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A hollow charge, also known as a shaped charge or high explosive anti tank (HEAT) warhead, is a type of explosive warhead used to penetrate heavy armor or thick masonry. In military use they are primarily used in anti-tank weapons, but they also have civilian uses in mining and demolitions.

HistoryEdit

The first known description of a hollow charge was by the German mining engineer Franz Xaver von Baader in 1792: however, his design could not be built with the technology of the time, as the main explosive used at the time, gunpowder, was a low explosive that could not create the phenomenon.

The first hollow charge weapon to be used in combat was the British No. 68 AT Grenade, a rifle grenade.

HEAT rapidly became the gold standard for anti-tank weaponry, with other round types like HESH falling by the wayside as composite tank armor was adopted.

Later research discovered methods of making hollow charge weapons more effective: a key discovery was that there is an ideal distance from armor for a hollow charge to detonate in order for the jet of material to fully form. To this end, hollow charge weapons started to be equipped with standoff rods to carry their detonator, hugely improving anti-armor performance.

In the 1980s, explosive reactive armor was developed to interfere with hollow charge warheads: this armor functions by detonating on contact and throwing a plate of metal outwards at the warhead, disrupting the formation of the penetrating jet. To address this, most modern warheads are of a tandem-charge layout, with a smaller warhead designed to compromise the ERA and clear a passage for the main warhead. The Russian 3BK-31 125mm tank gun round goes a step further by having three hollow-charge warheads, a precursor followed by two full-size warheads designed to compromise modern tank armor.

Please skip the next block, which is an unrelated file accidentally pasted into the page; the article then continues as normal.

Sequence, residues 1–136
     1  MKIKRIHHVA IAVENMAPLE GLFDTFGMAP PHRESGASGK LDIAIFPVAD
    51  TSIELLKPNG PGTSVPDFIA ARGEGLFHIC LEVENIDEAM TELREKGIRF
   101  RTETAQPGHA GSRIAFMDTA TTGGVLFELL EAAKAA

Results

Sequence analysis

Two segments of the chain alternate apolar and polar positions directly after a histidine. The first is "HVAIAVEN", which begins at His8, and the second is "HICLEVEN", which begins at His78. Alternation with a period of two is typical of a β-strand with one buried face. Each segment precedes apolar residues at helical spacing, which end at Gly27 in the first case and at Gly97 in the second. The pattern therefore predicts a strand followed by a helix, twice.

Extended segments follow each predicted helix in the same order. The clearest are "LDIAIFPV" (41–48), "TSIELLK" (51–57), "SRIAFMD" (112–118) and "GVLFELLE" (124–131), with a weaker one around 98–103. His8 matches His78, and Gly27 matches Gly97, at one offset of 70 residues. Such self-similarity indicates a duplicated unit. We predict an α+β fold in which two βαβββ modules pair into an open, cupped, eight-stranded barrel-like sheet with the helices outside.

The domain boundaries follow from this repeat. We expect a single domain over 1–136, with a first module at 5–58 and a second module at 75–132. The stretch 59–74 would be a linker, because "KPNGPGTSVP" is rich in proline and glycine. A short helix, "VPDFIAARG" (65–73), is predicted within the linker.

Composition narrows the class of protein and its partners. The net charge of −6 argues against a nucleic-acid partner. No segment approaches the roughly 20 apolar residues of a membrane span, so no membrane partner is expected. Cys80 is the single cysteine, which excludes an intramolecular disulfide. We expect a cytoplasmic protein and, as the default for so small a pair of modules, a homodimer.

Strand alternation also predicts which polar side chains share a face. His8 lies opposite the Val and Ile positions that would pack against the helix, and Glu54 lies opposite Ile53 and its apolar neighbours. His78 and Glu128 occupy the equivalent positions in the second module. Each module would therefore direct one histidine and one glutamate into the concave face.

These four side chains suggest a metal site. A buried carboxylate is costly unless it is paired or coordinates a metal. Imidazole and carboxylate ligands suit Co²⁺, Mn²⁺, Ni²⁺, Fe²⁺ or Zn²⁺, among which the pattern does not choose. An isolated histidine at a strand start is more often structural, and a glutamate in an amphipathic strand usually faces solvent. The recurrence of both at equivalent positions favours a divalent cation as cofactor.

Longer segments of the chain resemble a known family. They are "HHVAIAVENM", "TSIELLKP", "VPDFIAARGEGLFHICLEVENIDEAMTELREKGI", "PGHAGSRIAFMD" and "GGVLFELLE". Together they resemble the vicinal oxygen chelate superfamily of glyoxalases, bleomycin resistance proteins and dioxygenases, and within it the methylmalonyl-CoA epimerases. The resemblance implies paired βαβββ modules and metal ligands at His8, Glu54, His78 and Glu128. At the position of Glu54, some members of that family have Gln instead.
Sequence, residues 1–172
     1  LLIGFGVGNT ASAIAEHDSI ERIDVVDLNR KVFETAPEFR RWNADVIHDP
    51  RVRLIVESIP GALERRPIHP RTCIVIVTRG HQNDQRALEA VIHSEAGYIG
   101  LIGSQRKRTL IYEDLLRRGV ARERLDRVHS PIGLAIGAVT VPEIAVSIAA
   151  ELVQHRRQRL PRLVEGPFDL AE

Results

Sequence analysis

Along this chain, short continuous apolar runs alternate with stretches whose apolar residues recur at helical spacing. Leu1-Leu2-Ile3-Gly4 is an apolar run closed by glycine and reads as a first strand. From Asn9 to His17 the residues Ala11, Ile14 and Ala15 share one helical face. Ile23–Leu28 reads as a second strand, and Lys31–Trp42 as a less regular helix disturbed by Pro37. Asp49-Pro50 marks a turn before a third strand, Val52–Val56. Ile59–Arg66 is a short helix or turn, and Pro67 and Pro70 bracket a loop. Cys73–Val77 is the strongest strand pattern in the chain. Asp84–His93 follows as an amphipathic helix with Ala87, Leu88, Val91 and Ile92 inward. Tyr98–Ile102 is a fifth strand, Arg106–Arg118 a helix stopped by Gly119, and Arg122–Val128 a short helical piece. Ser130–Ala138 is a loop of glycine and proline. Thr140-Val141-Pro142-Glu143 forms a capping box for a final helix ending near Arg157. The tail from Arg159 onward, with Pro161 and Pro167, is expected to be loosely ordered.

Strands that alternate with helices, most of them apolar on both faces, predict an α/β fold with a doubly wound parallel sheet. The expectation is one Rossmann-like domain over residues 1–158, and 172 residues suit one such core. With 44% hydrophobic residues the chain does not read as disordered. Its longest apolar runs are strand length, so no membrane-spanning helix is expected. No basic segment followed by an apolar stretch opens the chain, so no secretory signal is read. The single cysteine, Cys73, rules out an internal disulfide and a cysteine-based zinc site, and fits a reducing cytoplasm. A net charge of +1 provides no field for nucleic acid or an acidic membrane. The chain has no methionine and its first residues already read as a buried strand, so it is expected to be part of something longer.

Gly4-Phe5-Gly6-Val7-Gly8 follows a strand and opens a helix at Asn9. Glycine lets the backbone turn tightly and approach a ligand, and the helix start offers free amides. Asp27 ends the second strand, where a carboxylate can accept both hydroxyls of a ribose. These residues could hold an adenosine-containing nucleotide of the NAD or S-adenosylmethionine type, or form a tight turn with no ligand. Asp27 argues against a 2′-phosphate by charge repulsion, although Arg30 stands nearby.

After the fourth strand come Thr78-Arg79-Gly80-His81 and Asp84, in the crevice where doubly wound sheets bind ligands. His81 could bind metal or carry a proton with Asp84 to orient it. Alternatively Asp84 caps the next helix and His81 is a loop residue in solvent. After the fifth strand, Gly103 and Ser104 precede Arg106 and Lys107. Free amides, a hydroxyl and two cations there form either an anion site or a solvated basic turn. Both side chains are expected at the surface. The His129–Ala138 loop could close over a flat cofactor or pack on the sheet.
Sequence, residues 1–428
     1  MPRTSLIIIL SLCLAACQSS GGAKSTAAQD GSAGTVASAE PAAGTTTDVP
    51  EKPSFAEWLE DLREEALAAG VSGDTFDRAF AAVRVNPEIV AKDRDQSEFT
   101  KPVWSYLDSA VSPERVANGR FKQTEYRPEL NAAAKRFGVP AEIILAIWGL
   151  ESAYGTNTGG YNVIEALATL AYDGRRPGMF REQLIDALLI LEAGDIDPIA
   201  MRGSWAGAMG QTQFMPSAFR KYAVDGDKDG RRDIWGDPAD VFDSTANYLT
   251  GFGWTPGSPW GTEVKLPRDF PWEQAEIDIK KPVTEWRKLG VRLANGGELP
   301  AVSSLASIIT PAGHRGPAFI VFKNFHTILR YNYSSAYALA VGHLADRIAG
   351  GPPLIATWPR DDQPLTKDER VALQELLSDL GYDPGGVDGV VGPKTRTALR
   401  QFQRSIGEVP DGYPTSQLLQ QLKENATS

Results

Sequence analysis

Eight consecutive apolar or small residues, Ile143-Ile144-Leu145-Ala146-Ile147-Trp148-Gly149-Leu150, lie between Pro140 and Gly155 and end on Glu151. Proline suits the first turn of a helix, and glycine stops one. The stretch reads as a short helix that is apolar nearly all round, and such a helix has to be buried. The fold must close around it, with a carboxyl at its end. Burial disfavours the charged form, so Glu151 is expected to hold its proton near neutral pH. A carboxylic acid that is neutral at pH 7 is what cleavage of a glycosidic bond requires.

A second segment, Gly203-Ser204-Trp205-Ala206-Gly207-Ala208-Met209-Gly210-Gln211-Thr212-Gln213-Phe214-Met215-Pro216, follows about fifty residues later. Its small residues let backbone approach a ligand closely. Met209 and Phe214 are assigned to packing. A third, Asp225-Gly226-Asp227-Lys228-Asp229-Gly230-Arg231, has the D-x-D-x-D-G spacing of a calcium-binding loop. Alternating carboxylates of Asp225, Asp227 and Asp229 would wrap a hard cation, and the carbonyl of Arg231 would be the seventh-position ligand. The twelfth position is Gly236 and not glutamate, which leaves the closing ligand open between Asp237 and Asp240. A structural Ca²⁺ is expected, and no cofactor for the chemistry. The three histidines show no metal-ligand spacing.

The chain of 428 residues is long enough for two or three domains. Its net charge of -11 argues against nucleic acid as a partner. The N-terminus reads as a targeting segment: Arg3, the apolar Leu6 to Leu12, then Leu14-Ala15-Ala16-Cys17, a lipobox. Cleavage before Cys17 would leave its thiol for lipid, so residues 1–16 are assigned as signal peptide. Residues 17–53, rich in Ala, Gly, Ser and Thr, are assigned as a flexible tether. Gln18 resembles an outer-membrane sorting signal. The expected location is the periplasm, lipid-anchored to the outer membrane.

Design DetailsEdit

Hollow charges function due to a phenomenon called the Monroe effect or Neumann effect. This is the observation that a hole in a block of explosive will cause the resulting blast to be focused inwards.

The term "HEAT" leads to some misunderstandings as to how these warheads function, with descriptions sometimes claiming their damage mechanism is thermal and they "melt through" armor. This is not the case: the jet created by a hollow charge behaves like a solid, and the damage mechanism is kinetic.

Hollow charges are also used in the creation of explosively formed penetrators: these use a complex series of charges to form a solid dart-like projectile from a sheet of suitable material such as copper or tantalum.

Limitations Edit

Hollow charge warheads are only effective against continuous material: upon encountering a void, the jet will tend to lose cohesion, passing through the hole cut in the exterior rather like water through a spray nozzle. This is why there has been virtually no interest in using hollow charge warheads against ships, since their compartmentalized interiors would naturally compromise such a weapon's functionality.

ReferencesEdit

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